A remarkable message was published recently on Sina Weibo, supposedly written by a company manager who goes by @geniune_Yu_Yang — an account that has since been deleted. Prompted by perceived public misunderstanding of Sina Weibo’s handling of the Southern Weekly story, the writer posted a screenshot of text that illustrated the how and why of its censorship policy, which has been translated in full by Oiwan Lam of Global Voices.
My boss, Lao Shen’s [Sina] Weibo’s page is full of cursing. In particular, after the Southern Weekly incident had been reported by Netease [a popular web portal] extensively yesterday, attacks on Sina’s cowardice and its role as the running dog [of the Propaganda Department] reached a climax. I was so frustrated and finally fought with a famous online script-writer. After I cooled down, I reflected upon the whole thing, feeling the urge to write a long micro-blog to explain the situation in detail.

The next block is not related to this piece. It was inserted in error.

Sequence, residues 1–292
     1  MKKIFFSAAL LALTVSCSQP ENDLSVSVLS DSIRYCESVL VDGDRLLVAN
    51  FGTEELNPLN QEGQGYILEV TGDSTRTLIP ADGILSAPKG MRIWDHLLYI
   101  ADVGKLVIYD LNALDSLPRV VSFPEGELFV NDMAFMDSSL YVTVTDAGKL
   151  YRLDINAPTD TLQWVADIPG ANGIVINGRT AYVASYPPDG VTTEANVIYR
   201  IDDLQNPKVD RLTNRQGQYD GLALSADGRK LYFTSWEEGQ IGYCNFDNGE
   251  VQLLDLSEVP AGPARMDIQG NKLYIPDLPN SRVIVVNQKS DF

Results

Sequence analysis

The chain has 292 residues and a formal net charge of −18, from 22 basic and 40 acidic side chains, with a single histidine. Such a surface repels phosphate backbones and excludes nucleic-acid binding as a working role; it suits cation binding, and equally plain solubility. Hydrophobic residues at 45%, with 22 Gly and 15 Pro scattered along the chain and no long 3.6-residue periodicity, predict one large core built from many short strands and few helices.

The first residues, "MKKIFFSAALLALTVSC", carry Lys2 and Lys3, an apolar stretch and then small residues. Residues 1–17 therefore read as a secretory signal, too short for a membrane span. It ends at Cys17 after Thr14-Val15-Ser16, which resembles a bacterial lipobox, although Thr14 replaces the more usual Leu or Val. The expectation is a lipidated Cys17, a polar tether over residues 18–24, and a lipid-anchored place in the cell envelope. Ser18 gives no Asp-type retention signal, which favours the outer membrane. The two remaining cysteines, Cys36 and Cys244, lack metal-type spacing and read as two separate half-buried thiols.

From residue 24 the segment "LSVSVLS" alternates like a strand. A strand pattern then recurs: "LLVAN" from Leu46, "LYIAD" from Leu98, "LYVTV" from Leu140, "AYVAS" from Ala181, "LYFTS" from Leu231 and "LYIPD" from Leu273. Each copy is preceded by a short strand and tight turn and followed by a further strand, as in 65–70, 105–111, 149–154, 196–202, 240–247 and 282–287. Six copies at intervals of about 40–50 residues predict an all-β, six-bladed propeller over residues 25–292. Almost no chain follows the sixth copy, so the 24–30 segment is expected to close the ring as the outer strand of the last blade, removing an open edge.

Charlie Custer of Tech in Asia elucidates:
While I have some doubts about the poster’s identity, there’s little doubt that much of what he or she wrote is true. Censorship really only hurts Sina by reducing their users numbers and annoying users, and it has been clear for quite some time that Sina sometimes tries to follow the letter of the law but not the spirit of it, erring in favor of more user freedom. But from the post quoted above, it also sounds like propaganda authorities are exercising an unprecedented level of control over the service. It’s impossible to be sure whether that’s true, but given the unprecedented controls being implemented for other parts of China’s internet, it certainly isn’t implausible.
Even with the disclaimer that the poster may not actually be a Sina employee, the original post and Custer’s are worth a read. If nothing else, you’ll come away with a more nuanced picture of how censorship works — and doesn’t work — in the PRC.